Nige­ria’s re­silience against global risks

Business a.m. - - FRONT PAGE - LUKMAN OTUNUGA

THERE WAS A COL­LEC­TIVE SIGH of re­lief across the Nige­rian econ­omy in Novem­ber af­ter of­fi­cial re­ports con­firmed that eco­nomic growth ac­cel­er­ated to 2.3% dur­ing the third quar­ter of 2019. Given how this rate of growth rep­re­sents the sec­ond-high­est quar­terly rate wit­nessed since 2016, Nige­ria is cer­tainly dis­play­ing a mea­sure...

THERE WAS A COL­LEC­TIVE SIGH of re­lief across the Nige­rian econ­omy in Novem­ber af­ter of­fi­cial re­ports con­firmed that eco­nomic growth ac­cel­er­ated to 2.3% dur­ing the third quar­ter of 2019. Given how this rate of growth rep­re­sents the sec­ond-high­est quar­terly rate wit­nessed since 2016, Nige­ria is cer­tainly dis­play­ing a mea­sure of re­silience against do­mes­tic and ex­ter­nal head­winds.

Look­ing deeper into the GDP re­port, growth was mainly driven by strength­en­ing mo­men­tum in the non-oil sec­tor of the econ­omy which high­lighted Nige­ria’s mis­sion to di­ver­sify away from oil re­liance. The non-oil sec­tor of the econ­omy ex­panded 1.85% an­nu­ally com­pared to the 1.6% wit­nessed dur­ing the sec­ond half of 2019. How­ever, growth in the oil sec­tor also played a role, grow­ing 6.5% over the same pe­riod last year.

Nige­ria recorded an in­crease in its oil pro­duc­tion to 2.04 mil­lion bar­rels a day in Q3 which was above the OPEC limit of 1.774 mil­lion bar­rels a day. If the na­tion is forced to com­ply with the quota dur­ing the fi­nal quar­ter of 2019 and early parts of 2020, this could hit eco­nomic growth. Although the govern­ment re­mains on a quest to di­ver­sify its rev­enue sources, crude oil still ac­counts for 90% of ex­port earn­ings and over 70% of govern­ment rev­enues.

While eco­nomic ac­tiv­ity is pro­jected to shift into higher gear in 2020 as the new min­i­mum wage hike stim­u­lates con­sump­tion which ac­counts for 80% of GDP, the na­tion still re­mains ex­posed to height­ened global risks.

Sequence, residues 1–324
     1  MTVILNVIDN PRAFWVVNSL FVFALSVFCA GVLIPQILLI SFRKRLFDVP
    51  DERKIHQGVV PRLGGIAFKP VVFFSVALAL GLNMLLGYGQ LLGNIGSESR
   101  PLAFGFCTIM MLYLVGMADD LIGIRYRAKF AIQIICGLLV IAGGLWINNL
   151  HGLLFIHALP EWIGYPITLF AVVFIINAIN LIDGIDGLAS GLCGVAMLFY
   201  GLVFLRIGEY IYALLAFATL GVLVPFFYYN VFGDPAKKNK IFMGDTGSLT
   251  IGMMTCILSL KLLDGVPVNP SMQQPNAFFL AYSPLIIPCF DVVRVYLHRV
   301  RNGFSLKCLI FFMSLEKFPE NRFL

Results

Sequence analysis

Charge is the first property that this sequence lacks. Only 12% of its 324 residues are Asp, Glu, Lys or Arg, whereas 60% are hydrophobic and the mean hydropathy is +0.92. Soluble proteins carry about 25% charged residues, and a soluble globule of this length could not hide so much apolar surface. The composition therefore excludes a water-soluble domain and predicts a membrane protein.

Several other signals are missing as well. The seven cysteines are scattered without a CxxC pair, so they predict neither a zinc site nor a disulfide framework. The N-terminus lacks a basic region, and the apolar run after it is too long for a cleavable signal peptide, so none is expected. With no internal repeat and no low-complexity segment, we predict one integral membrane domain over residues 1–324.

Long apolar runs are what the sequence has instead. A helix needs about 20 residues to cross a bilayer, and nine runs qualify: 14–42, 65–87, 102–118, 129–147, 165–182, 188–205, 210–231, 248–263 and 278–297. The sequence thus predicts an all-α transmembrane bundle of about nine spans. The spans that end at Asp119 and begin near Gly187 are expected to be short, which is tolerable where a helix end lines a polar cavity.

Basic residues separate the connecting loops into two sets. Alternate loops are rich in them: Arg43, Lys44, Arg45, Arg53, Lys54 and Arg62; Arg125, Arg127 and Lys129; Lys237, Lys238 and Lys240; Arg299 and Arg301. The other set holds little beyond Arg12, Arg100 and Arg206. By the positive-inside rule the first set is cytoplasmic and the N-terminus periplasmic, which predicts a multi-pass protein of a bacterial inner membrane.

Given how the pro­jected eco­nomic growth of 2.3% is be­low the 2.6% pop­u­la­tion growth, the GDP per capita risks de­clin­ing fur­ther.

US-China trade de­velop

ments will most cer­tainly im­pact Nige­ria’s econ­omy in the medium to longer term. While trade ten­sions con­tinue to weigh on emerg­ing mar­kets, de­vel­op­ing economies that have close trade ties with China re­main in the direct fir­ing line. With to­tal trade be­tween China and Nige­ria over $10 bil­lion in 2018, and av­er­ag­ing $3 bil­lion dur­ing the first and sec­ond quar­ter of 2019, trade de­vel­op­ments are poised to im­pact Nige­ria’s out­look.

Ris­ing in­fla­tion­ary pres­sures and ac­cel­er­at­ing eco­nomic growth in Q3 have pre­vented the Cen­tral Bank of Nige­ria from cut­ting in­ter­est rates from 13.5%. How­ever, if eco­nomic con­di­tions de­te­ri­o­rate and in­fla­tion­ary pres­sures mod­er­ate, the cen­tral bank could still pull the trig­ger on lower rates in 2020. Key themes seen in­flu­enc­ing the Nige­rian econ­omy for the rest of 2019 will re­volve around the pass­ing of the 2020 bud­get in De­cem­ber, US-China trade de­vel­op­ments, the Dol­lar’s val­u­a­tion and most im­por­tantly, oil prices.

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